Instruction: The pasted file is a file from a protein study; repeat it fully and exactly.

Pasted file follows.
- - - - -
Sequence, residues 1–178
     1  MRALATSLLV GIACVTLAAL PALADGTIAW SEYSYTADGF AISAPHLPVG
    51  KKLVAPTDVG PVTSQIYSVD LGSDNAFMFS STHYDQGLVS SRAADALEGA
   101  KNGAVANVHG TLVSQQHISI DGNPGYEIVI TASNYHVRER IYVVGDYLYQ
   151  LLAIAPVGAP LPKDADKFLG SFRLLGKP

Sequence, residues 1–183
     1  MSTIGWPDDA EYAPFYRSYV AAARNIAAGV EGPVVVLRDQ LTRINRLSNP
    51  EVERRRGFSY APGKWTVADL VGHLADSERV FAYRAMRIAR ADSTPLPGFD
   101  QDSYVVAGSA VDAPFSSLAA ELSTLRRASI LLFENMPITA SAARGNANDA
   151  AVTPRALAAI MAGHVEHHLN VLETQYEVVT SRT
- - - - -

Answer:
Sequence, residues 1–178
     1  MRALATSLLV GIACVTLAAL PALADGTIAW SEYSYTADGF AISAPHLPVG
    51  KKLVAPTDVG PVTSQIYSVD LGSDNAFMFS STHYDQGLVS SRAADALEGA
   101  KNGAVANVHG TLVSQQHISI DGNPGYEIVI TASNYHVRER IYVVGDYLYQ
   151  LLAIAPVGAP LPKDADKFLG SFRLLGKP

Sequence, residues 1–183
     1  MSTIGWPDDA EYAPFYRSYV AAARNIAAGV EGPVVVLRDQ LTRINRLSNP
    51  EVERRRGFSY APGKWTVADL VGHLADSERV FAYRAMRIAR ADSTPLPGFD
   101  QDSYVVAGSA VDAPFSSLAA ELSTLRRASI LLFENMPITA SAARGNANDA
   151  AVTPRALAAI MAGHVEHHLN VLETQYEVVT SRT